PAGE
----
Till about 1965 a rich characean community occurred in the shallow peat lake Botshol with six species of which the rare Nitellopsis obtusa and Chara major dominated at many sites. In the period 1980–1988 characean biomass strongly decreased and only two species, Chara globularis and C. connivens, remained in small populations at a few localities. Of the macrophyte Najas marina also some small populations remained, while the aquatic moss Fontinalis antipyretica and the filamentous alga Vaucheria dichotoma predominated at many sites. These phenomena may have been due to eutrophication by the input of polluted water. This process of impoverishment was stopped by restoration measures in 1989, resulting in a lower phosphorus concentration (ca 25 µg l-1) and a higher water transparency. Immediately after these measures the Characeae community increased in abundance and number of species. During the summer of 1990, and especially 1991, a spectacular growth occurred of Chara connivens. C. connivens was often accompanied by C. major. Other species with scattered occurrence were C. aculeolata, C. aspera, C. contraria and C. globularis. The reasons for the shift in dominance from Nitellopsis obtusa to Chara connivens are discussed. From growth experiments evidence was obtained that neither the recent higher chloride level, nor the lowered phosphate concentration were the main factors for the domination of Chara connivens.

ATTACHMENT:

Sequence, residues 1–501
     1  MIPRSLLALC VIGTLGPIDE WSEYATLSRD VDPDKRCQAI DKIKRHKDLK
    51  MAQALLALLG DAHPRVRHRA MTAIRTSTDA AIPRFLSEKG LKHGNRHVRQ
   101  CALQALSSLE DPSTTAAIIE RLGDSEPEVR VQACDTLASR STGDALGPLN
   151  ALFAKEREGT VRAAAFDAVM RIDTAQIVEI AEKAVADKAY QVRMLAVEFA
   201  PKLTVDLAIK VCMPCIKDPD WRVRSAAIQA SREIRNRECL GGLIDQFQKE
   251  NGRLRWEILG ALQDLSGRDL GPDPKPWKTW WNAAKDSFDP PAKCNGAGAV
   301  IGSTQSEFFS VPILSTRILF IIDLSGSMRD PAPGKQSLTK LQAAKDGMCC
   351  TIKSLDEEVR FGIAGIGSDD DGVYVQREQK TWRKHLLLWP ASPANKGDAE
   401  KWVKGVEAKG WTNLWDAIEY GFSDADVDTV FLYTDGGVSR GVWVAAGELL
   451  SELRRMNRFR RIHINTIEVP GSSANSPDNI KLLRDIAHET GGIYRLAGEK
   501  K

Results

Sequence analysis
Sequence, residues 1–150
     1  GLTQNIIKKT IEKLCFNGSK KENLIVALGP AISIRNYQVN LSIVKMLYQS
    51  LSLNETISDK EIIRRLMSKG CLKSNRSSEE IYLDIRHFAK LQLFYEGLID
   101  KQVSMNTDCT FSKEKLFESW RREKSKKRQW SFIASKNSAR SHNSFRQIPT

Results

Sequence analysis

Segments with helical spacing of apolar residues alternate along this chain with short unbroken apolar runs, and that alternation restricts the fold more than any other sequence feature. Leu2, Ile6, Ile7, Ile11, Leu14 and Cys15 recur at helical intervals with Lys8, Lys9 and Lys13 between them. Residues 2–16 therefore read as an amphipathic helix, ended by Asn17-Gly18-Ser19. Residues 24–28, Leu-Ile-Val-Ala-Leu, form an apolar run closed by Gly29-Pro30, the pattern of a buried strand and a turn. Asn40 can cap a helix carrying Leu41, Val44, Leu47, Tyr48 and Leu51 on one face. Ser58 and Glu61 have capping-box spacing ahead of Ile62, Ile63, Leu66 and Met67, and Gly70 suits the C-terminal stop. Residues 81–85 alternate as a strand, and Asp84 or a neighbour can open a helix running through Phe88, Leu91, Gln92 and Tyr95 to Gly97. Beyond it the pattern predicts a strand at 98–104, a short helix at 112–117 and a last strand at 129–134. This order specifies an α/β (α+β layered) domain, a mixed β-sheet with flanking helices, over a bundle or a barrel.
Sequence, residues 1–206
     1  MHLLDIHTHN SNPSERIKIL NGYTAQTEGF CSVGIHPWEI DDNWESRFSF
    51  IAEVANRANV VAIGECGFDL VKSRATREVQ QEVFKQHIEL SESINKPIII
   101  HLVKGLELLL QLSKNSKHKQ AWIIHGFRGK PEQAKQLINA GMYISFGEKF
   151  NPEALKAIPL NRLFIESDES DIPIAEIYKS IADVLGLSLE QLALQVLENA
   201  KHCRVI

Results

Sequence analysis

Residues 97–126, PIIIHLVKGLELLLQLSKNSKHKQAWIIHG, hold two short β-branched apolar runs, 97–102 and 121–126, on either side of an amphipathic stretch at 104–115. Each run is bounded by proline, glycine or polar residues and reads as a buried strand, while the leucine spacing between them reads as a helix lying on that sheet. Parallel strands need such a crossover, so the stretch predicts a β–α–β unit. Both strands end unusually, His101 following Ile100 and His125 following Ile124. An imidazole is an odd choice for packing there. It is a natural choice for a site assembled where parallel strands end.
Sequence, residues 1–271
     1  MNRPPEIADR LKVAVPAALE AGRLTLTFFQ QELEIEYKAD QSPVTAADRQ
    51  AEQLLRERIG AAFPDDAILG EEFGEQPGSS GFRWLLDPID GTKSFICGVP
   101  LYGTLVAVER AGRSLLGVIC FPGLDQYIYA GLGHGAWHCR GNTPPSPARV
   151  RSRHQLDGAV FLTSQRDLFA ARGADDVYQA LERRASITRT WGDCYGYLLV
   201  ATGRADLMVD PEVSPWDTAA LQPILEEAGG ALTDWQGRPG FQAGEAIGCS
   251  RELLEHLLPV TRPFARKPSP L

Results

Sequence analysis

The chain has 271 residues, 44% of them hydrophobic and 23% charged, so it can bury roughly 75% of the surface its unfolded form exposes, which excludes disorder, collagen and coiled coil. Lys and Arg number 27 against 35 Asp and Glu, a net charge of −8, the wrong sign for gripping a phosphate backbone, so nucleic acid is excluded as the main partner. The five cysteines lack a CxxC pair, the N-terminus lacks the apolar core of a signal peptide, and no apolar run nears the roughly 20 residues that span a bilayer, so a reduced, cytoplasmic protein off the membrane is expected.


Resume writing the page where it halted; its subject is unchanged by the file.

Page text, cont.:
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Simons, J., Ohm, M., Daalder, R. et al. Restoration of Botshol (The Netherlands) by reduction of external nutrient load: recovery of a characean community, dominated by Chara connivens . Hydrobiologia 275, 243–253 (1994). https://doi.org/10.1007/BF00026715
- Shallow lake restoration
- Chara connivens
- C. globularis
- C. major
- Nitellopsis obtusa
- Fontinalis antipyretica
- Vaucheria dichotoma
- growth experiments